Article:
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Finnish Army
Maavoimat (Finnish)
Armén (Swedish)
Emblem of the Finnish Army
Founded2008 (independent branch of Finnish Defence Forces)[1]
Country Finland
RoleLand warfare
  • 3,610 staff
  • 770 civilians
  • 18,400 conscripts
  • 18,400 reservists in refresher training
  • 760 deployed in crisis management
  • 180,000 wartime strength[2]
Part of
Coat of Arms of the Finnish Defence Forces
Finnish Defence Forces
MarchMarch of the Finnish cavalry in the Thirty Years' War[1]
Anniversaries24 February [1]
Engagements Edit this at Wikidata
CommanderPasi Välimäki
The Finnish Army uses the tailed state flag as its colour. The tailed state flag is used by all units and branches which don't have flag of their own.
Finnish Army roundel

The Finnish Army (Finnish: Maavoimat, Swedish: Armén) is the land forces branch of the Finnish Defence Forces. The Finnish Army is divided into six branches: the infantry (which includes armoured units), field artillery, anti-aircraft artillery, engineers, signals, and materiel troops. The commander of the Finnish Army since 1 January 2022 is Lieutenant General Pasi Välimäki.[3]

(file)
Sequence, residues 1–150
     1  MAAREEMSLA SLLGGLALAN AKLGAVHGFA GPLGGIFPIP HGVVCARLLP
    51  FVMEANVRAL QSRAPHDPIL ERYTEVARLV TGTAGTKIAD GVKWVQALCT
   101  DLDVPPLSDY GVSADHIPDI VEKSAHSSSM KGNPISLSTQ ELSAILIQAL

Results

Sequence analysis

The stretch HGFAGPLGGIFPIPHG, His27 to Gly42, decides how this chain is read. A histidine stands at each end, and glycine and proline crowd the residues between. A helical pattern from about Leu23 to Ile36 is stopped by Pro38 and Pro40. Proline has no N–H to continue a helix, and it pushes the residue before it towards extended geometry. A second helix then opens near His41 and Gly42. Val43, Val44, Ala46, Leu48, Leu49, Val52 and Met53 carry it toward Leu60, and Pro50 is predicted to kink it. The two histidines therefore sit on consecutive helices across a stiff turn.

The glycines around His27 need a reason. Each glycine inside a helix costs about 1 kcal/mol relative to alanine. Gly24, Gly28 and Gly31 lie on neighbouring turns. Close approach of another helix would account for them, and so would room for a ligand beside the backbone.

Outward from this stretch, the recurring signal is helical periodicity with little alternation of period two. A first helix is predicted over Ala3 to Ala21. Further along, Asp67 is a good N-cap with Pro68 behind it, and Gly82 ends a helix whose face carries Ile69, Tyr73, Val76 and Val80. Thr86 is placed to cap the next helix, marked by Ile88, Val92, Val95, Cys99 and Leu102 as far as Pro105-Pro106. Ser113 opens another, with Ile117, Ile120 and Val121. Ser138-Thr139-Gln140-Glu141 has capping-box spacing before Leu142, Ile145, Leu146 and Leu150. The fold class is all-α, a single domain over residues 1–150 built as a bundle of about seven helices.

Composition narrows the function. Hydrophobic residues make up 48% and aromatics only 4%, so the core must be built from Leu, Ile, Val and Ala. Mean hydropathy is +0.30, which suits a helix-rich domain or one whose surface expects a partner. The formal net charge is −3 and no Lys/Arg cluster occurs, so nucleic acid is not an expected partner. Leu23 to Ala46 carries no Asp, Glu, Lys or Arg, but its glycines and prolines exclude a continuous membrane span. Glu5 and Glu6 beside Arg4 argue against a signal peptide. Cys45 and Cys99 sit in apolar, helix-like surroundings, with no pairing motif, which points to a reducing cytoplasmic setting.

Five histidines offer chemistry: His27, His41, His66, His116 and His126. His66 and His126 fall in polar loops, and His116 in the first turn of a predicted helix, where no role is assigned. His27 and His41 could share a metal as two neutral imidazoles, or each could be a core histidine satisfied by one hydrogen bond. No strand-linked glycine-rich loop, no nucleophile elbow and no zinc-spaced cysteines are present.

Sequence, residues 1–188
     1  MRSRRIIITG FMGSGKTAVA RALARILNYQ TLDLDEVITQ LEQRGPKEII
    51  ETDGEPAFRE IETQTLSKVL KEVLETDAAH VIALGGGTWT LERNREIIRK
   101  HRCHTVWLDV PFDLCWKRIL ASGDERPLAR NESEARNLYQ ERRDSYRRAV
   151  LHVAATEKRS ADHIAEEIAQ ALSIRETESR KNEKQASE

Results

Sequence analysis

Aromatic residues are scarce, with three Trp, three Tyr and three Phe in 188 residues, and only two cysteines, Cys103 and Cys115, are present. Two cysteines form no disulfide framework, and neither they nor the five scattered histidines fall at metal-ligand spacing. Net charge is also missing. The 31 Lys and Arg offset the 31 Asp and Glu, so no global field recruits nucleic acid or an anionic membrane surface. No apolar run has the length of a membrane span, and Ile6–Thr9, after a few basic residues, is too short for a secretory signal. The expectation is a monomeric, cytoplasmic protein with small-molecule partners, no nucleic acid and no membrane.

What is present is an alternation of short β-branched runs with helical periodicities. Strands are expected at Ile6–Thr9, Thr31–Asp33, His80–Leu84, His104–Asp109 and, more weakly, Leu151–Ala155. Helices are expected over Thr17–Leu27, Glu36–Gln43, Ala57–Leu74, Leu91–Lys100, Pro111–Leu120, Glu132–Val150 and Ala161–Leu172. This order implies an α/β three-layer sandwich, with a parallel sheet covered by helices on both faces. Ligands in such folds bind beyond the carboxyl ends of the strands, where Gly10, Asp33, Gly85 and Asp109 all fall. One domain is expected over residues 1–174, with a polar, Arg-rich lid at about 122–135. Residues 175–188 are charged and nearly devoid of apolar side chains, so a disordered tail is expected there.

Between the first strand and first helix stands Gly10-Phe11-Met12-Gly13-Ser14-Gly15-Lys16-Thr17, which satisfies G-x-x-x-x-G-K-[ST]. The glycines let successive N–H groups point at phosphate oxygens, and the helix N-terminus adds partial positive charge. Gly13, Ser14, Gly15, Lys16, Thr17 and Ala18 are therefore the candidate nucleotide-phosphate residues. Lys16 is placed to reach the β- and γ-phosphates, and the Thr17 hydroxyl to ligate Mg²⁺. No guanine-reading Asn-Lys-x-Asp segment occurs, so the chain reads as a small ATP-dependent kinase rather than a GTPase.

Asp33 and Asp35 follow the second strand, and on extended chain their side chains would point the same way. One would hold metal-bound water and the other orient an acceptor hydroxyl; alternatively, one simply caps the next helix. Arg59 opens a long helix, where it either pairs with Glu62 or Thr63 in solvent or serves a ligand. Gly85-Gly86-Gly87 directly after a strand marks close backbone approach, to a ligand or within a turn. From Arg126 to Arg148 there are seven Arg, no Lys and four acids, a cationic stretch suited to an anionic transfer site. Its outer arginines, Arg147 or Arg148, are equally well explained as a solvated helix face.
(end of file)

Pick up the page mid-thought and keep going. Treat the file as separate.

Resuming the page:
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The duties of the Finnish Army are threefold. They are:[4]

  1. Defence of the land area of the realm
  2. Support of civilian authorities
  3. International military crisis management operations

In addition to these tasks, the Army is responsible for conscription and personnel management of reserve.[4]

Because Finland is not under direct military threat, the current Army is, as it has been since the end of Second World War, in peacetime training formation. This means that its brigades (Finnish: joukko-osasto) are not meant to be operational combat units but training formations. According to the "troop production" doctrine (Finnish: joukkotuotanto), peacetime units will train each batch of conscripts they receive for a specific wartime unit. After the end of training, the conscripts are demobilised into reserve. During regular refresher exercises and in case of a crisis, the reserve unit will be activated and deployed in the formation it trained in during conscription.[5] Thus, the peacetime structure of the Army does not give any meaningful information about the mobilised structure or about the areas where the units would be used.